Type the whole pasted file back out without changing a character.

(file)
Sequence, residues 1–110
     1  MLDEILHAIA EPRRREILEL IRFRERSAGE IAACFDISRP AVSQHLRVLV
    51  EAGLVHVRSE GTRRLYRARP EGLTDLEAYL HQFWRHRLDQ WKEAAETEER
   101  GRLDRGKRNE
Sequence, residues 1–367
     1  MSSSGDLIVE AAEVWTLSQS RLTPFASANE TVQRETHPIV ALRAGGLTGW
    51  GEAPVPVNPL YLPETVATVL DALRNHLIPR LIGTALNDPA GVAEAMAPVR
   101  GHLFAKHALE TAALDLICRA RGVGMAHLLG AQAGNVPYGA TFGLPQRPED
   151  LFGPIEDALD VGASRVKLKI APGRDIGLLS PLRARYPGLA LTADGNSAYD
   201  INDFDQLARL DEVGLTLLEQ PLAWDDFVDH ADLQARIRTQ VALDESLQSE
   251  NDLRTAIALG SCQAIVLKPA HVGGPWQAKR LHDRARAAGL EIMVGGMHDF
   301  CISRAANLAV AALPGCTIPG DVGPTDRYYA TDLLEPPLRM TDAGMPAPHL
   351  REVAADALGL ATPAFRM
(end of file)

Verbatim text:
Sequence, residues 1–110
     1  MLDEILHAIA EPRRREILEL IRFRERSAGE IAACFDISRP AVSQHLRVLV
    51  EAGLVHVRSE GTRRLYRARP EGLTDLEAYL HQFWRHRLDQ WKEAAETEER
   101  GRLDRGKRNE
Sequence, residues 1–367
     1  MSSSGDLIVE AAEVWTLSQS RLTPFASANE TVQRETHPIV ALRAGGLTGW
    51  GEAPVPVNPL YLPETVATVL DALRNHLIPR LIGTALNDPA GVAEAMAPVR
   101  GHLFAKHALE TAALDLICRA RGVGMAHLLG AQAGNVPYGA TFGLPQRPED
   151  LFGPIEDALD VGASRVKLKI APGRDIGLLS PLRARYPGLA LTADGNSAYD
   201  INDFDQLARL DEVGLTLLEQ PLAWDDFVDH ADLQARIRTQ VALDESLQSE
   251  NDLRTAIALG SCQAIVLKPA HVGGPWQAKR LHDRARAAGL EIMVGGMHDF
   301  CISRAANLAV AALPGCTIPG DVGPTDRYYA TDLLEPPLRM TDAGMPAPHL
   351  REVAADALGL ATPAFRM